“My Back to Nature” by George Shaw,
most recently hosted at the the De La Warr Pavilion on England’s south coast offered another opportunity to see George Shaw’s reboot of the paintings in the National Gallery’s collection.
The paintings and drawings in this new body of work are the result of Shaw’s time as the National’s latest artist in residence, but his relationship with the gallery goes back much further, and it shows . . .
He has engaged more directly with the gallery’s collection than many of his predecessors; a courageous thing to do: Going up against the old masters leaves nowhere to hide.
To those familiar with Shaw’s pictures of empty back streets, forgotten areas of housing estates and peripheral city locations, the emptiness of the scenes in ‘My Back to Nature’ will come as no surprise. It’s the same haunting emptiness you can see in Stubbs’ paintings of deserted racecourses: abandoned landscapes marked by human activity. A constant thread that runs through his work is the depiction of locations that exist on the periphery of our vision: the fringes of life where humanity’s detritus washes up — clues to our true nature which Shaw scrutinizes.
In this spirit, the included sketches offer us little hints; ideas to hold onto as we walk around the exhibition. A sketch of Poussin’s ‘The Triumph of Pan’ is displayed next to a photograph of a revolver warning us that, in Shaw-World, the gay abandon of Poussin’s scene is a façade: a crime has been committed, or will be if we dare to glance away.
‘A Revel before Half Term’, one of the key paintings in the exhibition, takes its idea and title from Poussin’s ‘A Bacchanalian Revel Before a Term’ — but it’s title also suggests that Shaw is recording his childhood experiences in a similar landscape. His work gives the illusion of autobiography, like a novel written in the first person. It is filled with the stuff many of us will remember from childhood and soaked in its emotional associations.
The pastoral glades of classical landscapes where god’s and goddesses frolic become be-grotted forest dens. The gallery’s nudes become porn actresses spread across the damp pages of abandoned magazines. The electric blue of the Virgin’s robes, that runs like a ribbon through the National’s collection, becomes a plastic tarpaulin.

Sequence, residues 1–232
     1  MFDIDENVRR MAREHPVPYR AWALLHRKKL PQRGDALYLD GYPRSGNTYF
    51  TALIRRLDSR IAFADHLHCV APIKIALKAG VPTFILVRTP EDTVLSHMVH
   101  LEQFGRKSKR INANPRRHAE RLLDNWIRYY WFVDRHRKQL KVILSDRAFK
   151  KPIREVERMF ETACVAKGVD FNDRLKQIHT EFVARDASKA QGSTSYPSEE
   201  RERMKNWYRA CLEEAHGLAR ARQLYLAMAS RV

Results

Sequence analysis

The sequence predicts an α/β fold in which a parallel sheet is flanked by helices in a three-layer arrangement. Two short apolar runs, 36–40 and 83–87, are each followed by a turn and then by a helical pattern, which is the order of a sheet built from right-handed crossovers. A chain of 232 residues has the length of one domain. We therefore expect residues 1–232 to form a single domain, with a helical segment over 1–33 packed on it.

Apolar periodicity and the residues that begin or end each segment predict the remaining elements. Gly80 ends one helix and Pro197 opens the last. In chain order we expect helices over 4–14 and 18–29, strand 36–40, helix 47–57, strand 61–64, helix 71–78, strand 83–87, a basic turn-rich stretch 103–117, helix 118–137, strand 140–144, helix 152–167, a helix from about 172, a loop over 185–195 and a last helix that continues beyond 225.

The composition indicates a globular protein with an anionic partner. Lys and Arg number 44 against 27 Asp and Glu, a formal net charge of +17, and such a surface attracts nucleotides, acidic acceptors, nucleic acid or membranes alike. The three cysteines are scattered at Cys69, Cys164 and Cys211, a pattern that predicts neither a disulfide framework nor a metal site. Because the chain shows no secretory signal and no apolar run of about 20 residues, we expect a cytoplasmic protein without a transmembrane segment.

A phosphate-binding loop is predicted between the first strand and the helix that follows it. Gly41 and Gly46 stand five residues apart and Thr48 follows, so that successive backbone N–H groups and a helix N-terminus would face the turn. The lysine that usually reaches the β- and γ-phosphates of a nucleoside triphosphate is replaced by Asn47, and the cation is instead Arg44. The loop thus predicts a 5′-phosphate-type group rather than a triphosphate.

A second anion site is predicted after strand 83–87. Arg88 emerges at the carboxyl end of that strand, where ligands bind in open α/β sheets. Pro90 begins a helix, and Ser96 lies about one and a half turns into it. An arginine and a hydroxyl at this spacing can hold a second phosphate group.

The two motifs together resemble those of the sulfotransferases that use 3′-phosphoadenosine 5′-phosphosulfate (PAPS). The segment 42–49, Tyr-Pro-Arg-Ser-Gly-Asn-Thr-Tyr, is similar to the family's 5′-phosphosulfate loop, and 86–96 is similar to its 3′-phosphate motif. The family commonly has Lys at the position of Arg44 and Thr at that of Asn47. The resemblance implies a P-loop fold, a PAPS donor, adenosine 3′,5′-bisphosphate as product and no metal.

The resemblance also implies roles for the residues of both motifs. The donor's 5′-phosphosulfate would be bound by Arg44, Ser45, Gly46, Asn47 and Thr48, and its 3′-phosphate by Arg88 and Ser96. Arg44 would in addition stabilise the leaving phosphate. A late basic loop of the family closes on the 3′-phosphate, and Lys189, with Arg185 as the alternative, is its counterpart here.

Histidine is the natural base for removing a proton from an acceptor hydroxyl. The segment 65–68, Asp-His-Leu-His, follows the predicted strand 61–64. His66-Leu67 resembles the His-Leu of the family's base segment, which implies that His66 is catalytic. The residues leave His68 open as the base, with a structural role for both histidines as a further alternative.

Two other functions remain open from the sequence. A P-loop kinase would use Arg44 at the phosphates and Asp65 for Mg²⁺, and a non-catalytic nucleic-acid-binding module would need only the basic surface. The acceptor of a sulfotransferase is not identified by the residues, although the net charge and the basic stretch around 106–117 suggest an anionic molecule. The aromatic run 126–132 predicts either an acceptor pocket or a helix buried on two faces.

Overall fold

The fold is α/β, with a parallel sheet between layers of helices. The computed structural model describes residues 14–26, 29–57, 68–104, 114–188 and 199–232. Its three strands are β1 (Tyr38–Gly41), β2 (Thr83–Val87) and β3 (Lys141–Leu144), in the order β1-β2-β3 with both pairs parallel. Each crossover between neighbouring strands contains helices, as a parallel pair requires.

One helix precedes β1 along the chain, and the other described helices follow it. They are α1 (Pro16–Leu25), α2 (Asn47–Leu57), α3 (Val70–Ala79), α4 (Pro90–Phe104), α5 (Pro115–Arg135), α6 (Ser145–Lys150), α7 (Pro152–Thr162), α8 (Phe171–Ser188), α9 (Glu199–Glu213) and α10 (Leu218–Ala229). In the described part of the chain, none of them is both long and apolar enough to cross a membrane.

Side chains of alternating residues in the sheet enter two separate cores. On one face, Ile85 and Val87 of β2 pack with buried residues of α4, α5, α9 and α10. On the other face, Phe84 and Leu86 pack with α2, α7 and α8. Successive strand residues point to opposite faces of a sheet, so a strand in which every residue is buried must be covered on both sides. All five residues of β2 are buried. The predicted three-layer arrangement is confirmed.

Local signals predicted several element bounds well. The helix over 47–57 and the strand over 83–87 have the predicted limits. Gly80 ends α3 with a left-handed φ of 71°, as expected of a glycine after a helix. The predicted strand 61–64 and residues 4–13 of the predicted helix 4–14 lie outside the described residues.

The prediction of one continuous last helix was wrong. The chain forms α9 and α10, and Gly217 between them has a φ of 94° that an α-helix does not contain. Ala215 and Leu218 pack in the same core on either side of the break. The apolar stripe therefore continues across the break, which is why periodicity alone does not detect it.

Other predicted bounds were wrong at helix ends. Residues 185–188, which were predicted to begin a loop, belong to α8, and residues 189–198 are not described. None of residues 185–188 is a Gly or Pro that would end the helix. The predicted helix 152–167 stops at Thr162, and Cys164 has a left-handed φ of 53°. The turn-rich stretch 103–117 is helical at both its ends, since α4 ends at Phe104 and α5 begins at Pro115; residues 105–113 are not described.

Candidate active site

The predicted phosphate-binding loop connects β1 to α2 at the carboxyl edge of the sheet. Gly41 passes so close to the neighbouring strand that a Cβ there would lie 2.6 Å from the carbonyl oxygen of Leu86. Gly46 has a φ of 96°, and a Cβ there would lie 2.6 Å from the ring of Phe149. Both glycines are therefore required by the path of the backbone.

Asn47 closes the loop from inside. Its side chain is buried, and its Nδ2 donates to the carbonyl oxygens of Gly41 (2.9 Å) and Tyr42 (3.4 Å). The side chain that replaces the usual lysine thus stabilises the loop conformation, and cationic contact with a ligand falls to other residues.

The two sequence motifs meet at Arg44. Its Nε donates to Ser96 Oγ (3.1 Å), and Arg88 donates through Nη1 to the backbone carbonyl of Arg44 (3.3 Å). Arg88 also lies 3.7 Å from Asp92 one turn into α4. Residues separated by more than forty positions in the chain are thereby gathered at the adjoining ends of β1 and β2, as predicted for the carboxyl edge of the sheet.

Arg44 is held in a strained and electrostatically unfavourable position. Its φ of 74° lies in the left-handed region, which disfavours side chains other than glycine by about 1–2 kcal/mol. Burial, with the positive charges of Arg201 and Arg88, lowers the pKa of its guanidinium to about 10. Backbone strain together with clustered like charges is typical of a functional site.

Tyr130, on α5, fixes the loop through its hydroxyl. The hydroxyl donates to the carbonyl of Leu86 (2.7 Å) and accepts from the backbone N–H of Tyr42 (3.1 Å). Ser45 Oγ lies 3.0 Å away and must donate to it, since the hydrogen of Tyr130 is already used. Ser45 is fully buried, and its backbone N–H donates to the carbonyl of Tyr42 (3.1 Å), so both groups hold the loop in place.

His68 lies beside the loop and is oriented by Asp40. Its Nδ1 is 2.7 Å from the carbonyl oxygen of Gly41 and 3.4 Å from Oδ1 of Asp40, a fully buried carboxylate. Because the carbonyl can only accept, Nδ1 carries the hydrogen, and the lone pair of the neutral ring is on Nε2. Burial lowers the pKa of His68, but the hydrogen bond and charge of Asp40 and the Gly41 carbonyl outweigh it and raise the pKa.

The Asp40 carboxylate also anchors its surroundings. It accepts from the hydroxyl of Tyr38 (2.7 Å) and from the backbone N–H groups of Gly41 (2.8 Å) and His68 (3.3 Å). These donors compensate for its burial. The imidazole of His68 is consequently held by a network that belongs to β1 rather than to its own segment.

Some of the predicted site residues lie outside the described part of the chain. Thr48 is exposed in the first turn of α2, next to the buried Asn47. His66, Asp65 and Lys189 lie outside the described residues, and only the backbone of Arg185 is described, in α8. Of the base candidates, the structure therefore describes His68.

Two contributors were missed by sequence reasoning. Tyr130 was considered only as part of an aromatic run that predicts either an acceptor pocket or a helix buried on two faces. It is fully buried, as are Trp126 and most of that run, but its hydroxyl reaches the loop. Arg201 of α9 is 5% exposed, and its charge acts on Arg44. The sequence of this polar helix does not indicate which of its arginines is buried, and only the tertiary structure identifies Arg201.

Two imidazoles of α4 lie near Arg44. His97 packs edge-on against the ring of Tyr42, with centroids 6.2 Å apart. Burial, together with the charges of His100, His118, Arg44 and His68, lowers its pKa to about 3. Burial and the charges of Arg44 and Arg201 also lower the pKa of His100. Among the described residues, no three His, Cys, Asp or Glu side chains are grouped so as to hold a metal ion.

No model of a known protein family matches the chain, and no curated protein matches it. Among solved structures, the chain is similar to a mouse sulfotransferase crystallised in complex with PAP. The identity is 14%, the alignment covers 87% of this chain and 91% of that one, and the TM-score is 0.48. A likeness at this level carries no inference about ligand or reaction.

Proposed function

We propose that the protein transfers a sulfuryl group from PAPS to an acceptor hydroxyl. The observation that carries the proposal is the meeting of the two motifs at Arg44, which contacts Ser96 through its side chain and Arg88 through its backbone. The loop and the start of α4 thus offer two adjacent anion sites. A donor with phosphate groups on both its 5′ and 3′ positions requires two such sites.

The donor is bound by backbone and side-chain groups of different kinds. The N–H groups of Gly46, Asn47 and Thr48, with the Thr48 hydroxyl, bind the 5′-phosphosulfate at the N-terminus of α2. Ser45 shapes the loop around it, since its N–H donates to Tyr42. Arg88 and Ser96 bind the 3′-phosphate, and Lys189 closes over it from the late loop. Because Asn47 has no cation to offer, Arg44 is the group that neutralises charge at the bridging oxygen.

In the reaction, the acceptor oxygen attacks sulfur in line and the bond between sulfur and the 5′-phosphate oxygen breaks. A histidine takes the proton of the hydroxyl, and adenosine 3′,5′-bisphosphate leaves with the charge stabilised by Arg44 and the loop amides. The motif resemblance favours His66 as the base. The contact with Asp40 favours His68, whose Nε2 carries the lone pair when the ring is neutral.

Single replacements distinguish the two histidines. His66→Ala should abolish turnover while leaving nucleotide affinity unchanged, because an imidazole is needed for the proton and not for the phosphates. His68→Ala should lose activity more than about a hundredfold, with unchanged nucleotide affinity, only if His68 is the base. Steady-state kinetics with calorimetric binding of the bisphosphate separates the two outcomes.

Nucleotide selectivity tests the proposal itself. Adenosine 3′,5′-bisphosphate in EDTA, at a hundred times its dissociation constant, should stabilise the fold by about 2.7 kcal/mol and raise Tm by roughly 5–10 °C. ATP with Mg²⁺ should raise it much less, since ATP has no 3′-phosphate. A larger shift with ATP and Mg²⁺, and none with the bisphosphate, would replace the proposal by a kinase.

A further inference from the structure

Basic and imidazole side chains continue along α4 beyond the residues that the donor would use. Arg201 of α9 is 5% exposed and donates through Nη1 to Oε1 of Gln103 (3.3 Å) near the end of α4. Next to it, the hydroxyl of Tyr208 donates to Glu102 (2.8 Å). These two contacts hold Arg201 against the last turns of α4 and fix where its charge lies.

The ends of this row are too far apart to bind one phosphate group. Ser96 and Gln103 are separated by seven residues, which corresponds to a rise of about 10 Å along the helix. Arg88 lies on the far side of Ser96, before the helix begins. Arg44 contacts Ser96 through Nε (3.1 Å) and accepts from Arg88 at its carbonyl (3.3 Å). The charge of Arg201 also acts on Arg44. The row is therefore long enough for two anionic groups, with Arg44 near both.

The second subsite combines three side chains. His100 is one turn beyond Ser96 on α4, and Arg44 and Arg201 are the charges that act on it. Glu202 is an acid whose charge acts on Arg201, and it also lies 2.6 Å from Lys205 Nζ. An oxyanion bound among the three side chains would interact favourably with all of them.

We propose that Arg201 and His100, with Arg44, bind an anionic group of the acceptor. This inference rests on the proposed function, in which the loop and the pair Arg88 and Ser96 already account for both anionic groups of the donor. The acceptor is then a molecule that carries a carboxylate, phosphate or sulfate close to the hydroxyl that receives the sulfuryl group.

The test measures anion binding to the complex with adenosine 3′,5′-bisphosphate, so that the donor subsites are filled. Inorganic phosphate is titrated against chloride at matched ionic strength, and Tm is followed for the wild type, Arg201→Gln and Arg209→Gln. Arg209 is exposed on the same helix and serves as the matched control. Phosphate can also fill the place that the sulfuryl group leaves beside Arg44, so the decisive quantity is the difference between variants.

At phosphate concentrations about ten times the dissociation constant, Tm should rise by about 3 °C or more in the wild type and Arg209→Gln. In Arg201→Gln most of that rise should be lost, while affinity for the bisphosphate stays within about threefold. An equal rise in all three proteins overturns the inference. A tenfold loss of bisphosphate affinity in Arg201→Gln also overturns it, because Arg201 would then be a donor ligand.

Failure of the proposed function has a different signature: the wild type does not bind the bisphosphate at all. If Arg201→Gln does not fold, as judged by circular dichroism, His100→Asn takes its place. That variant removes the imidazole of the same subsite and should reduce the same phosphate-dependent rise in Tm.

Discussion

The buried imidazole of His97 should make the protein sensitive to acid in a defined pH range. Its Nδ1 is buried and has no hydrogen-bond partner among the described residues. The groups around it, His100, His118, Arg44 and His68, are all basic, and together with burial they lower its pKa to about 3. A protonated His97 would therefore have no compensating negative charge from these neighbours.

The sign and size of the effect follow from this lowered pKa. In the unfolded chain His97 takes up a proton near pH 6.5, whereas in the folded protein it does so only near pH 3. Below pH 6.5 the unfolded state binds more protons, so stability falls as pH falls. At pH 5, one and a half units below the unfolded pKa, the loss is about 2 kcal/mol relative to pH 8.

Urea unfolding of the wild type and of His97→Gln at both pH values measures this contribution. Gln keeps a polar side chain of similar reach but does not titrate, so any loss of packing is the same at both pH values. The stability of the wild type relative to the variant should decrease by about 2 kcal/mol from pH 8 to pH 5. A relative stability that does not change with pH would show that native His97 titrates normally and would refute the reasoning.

The empty beer tins and the remains of burned-out fires in the woodland clearings of Shaw’s childhood have been left like a message in a bottle from the mysterious world inhabited by adults. ‘A Revel before Half Term’ is an appropriate starting point for the themes that run through the exhibition, a pointer that leads us into the woods, and as we move further in, things get darker.
There’s a lot of darkness (literally as well as metaphorically) in these pictures, but there is depth in the darkness, drawing you in and repelling you at the same time. The faded browns and greens of woodland could be the murky backdrop to any number of mythological and religious scenes in the gallery’s collection, but there are seductive flashes of colour too: blood-like paint splashed over tree bark or bright blue tarpaulins, and Shaw’s trademark use of enamels gives his woods alluring brilliance.
Shaw’s woodland is far from the sylvan otherworld depicted in many of the National’s paintings. It is the place just out of site, where things happen in secret. Most importantly, it’s an extension of the urban environment — a desolation rather than a wilderness — and the scenes he dwells on are filled with both a grubby eroticism and a lingering threat of violence. Behind the scarred trees and piled rubbish you sense a drama that you’ve just missed.